In the embodiment shown the bearings 4a and 4b are in fixed positions in the respective housing, whereas the distance from the bearings 5a and 5b to the opposite bearings 4a and 4b respectively can be adjusted by means of set screws 6a and 6b respectively. To this end the shafts 7a, 7b of the bearings 5a, 5b are journalled in slots 8a, 8b in the respective housing, and they can be displaced in the slots 8a, 8b by adjustment of the set screws 6a, 6b. The latter engage corresponding threads provided in cover plates 9a, 9b, which are secured to the respective housing after the bearing shafts 7a, 7b have been inserted in the slots 8a, 8b.
The lower nut portion 1b of FIG. 3 is provided with a central, upwardly projecting bearing sleeve 10 projecting into a corresponding, centrally arranged recess in the lower part of the upper nut portion 1a. The sleeve 10 is at its outer side provided with a peripheric groove 11, the shape of which is adapted to at least one bearing ball 12. The (or each) ball 12 is located between the groove 11 and a set screw 13 carried by the nut portion la and located opposite to the groove 11. When the sleeve 10 of the nut portion 1b is inserted into the corresponding recess in the nut portion 1a, then the bearing ball 12 will engage the groove 11 as well as a corresponding bearing site provided at the inner end of the set screw 13. In this manner the ball (or balls) 12 will prevent translational movements of the nut portion 1a with respect to the nut portion 1b, while at the same time permitting rotation of said portions with respect to each other. The clearance of the ball 12 is adjusted by means of the set screw 13 so as to obtain as little friction as possible upon rotation while still prohibiting translational movements.
The screw 2 is intended to travel through the nut portions 1a, 1b with the pairs of bearings 4a, 5a and 4b, 5b contacting the thread grooves formed between the thread elements 2a, 2b. The nut portions 1a and 1b are coaxial and have central bores 14a, 14b, which are preferably big enough to allow the screw 2 to freely pass through the nut portions 1a, 1b and contact the same only at the bearings 4a, 5a and 4b, 5b respectively.
The anti-friction nut shown in FIG. 4 corresponds to the one shown in FIGS. 1 to 3 with the exception that the housings for the bearings 4a, 5a, 4b, 5b are of tubular shape.
FIGS. 5 and 6 illustrate the use of the screw and nut assembly of FIGS. 1 to 3 as a guide means for a forearm orthosis. One of the nut portions (in this case 1a) is attached to the arm rest 15a of a chair 15 (which may be a wheel chair). The connection head 3 of the screw 2 is attached to a forearm orthosis 16 in the vicinity of the elbow portion thereof. The orthosis 16 comprises a forearm support 17, a hand support 18 and attachment ships 19--e.g. interlocking fibre strips such as Welcro®type strips--for keeping the forearm of the patient in place in the forearm support 17.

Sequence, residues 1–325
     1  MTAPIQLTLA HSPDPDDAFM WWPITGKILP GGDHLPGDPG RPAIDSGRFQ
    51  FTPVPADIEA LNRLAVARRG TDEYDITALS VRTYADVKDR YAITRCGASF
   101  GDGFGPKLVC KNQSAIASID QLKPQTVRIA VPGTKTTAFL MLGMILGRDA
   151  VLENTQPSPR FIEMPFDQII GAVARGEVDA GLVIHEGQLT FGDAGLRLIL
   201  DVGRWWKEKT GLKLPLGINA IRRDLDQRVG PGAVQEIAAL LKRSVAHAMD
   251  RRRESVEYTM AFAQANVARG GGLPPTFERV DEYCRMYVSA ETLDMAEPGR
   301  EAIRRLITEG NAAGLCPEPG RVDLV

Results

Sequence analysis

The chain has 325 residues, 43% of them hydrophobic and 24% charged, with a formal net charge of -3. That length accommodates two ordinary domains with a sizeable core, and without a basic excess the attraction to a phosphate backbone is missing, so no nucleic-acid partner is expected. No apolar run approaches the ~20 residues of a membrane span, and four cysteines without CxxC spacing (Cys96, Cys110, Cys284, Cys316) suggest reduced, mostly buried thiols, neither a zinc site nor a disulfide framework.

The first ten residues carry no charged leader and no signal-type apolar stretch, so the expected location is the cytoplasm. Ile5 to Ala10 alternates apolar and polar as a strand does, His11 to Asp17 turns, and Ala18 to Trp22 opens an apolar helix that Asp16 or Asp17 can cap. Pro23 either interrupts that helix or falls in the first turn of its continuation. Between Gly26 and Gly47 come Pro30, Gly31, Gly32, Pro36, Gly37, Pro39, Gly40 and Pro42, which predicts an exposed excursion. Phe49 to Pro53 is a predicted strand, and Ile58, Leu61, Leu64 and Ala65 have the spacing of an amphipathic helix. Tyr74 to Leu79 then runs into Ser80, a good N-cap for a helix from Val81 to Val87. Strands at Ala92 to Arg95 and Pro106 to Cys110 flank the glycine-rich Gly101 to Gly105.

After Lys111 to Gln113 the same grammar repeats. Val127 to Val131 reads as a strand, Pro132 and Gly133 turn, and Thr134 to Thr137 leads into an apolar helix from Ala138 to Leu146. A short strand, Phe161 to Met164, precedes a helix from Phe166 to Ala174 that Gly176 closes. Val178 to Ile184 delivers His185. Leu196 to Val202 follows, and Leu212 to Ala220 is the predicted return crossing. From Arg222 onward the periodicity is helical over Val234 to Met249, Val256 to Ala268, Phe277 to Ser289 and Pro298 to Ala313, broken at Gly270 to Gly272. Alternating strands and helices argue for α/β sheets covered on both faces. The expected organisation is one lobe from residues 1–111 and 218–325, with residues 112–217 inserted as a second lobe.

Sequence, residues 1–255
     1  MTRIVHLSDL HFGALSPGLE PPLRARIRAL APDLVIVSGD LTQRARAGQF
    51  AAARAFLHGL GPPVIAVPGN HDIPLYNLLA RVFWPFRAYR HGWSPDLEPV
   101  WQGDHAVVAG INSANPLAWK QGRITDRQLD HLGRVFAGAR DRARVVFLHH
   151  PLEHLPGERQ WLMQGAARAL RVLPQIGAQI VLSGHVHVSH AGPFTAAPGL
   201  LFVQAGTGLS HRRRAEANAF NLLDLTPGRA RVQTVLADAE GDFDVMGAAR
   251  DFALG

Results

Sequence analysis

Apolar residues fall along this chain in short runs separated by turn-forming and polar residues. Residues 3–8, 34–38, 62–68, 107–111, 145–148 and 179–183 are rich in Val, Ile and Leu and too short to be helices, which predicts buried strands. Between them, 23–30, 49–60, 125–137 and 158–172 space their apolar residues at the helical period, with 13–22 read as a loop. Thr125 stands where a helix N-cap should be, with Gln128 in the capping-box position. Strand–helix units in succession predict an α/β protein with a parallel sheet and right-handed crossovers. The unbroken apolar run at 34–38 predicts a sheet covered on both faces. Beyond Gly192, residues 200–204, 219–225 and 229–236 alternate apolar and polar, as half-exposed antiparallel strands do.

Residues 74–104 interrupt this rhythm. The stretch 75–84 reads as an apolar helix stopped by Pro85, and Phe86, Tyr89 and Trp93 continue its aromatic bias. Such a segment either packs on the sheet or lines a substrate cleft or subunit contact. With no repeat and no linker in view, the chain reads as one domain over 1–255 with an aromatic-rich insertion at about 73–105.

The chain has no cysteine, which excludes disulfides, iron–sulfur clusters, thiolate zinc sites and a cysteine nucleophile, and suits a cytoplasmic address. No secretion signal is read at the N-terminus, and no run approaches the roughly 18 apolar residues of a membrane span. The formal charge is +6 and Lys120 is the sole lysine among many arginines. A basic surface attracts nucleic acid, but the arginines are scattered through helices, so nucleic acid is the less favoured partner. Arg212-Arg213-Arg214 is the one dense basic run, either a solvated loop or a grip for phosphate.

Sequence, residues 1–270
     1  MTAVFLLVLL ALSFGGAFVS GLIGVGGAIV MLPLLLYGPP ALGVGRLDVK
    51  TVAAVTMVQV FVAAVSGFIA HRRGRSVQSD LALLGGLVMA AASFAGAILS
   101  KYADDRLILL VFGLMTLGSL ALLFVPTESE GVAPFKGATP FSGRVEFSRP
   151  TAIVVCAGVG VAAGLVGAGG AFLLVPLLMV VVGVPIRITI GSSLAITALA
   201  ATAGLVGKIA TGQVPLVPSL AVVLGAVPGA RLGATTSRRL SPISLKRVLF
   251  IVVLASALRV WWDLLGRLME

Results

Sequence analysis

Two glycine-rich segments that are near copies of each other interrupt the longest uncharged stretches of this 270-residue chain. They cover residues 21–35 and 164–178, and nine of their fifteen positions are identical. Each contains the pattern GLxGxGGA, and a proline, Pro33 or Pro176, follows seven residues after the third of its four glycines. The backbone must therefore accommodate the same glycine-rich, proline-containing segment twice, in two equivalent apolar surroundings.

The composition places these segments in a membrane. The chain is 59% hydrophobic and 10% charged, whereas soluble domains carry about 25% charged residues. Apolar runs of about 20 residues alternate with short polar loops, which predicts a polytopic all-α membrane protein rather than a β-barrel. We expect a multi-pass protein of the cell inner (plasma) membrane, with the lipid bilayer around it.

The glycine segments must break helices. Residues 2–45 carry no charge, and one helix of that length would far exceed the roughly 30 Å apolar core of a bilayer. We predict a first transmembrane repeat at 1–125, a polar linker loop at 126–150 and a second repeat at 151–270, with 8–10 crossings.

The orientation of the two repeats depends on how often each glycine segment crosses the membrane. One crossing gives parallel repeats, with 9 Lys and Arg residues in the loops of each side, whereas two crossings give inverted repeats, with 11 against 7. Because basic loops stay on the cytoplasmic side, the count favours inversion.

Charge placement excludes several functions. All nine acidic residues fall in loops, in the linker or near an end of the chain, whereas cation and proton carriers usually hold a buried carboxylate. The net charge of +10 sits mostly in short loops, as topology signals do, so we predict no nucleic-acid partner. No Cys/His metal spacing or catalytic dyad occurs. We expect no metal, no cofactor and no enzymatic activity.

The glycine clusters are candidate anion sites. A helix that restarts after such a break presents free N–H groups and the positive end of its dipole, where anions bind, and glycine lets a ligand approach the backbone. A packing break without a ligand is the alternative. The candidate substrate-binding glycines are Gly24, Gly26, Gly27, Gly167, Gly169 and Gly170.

FIGS. 5 and 6 illustrate, as an example only, the use of the orthosis 16 for eating.
In the starting of FIG. 5 the orthosis 16 is located such that the patient with a fork 20 can take food from a plate. In this position the connection head 3 of the screw 2 preferably rests on the nut portion 1a. For moving the fork 20 to the mouth, i.e. to the position illustrated in FIG. 6, there is only required an extremely small force because of the practically non-existing friction between the screw 2 and the nut 3, thereby making it possible even for weak patients to make the desired movement. The movement from the position according to FIG. 5 to the position according to FIG. 6 is decided by the design of the screw and nut assembly 2, 3, the nature of the movement mainly being determined by the pitch of the screw 2. By varying the pitch (and/or the position of attachment of the screw 2 to the orthosis 16) it is in a very simple manner possible to "tailor make" the guide means for each individual patient. In the orthosis shown the pitch is about 88°.
The invention is, of course, not restricted to the embodiments described above and especially shown in the drawings, but many modifications and variations are possible within the scope of the general inventive idea. For example, the connection head 3 (or any other suitable attachment means) may be connected to any suitable, preferably rotationally reversing driving source for obtaining an extremely power saving repeated drive of the orthosis 16 between the positions shown in FIGS. 5 and 6. The orthosis may in certain instances also be attached to the nut, the screw then being attached to the support. Although the anti-friction nut preferably is combined with an anti-friction screw of the indicated type, i.e. a screw consisting of two helical round metal bars secured to each other, it is, of course, also possible to use other types of screws, such as corresponding screws having e.g. three or four such thread elements. As mentioned above it is also possible to use "screws" having a pitch angle of 90° serving as rails or bars and which may be provided with desired bends or curves. Thanks to the rotatability between the two nut portions the anti-friction nut according to the invention does not either require a constant thread pitch of the screw, and as a result it is possible to vary e.g. the thread pitch locally, as may be desired. In this manner there will be great possibilities for adjusting the guiding movement, provided by the screw and nut, to the needs and desires in the individual situation.
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|U.S. Classification||602/20, 74/424.89, 623/57, 74/424.77, 623/66.1, 248/118|
|International Classification||F16H25/20, A61F5/01, A61F2/54, F16C3/00|
|Cooperative Classification||A61F2/54, A61F5/013, Y10T74/1973, Y10T74/19781|
|European Classification||A61F5/01D7, A61F2/54|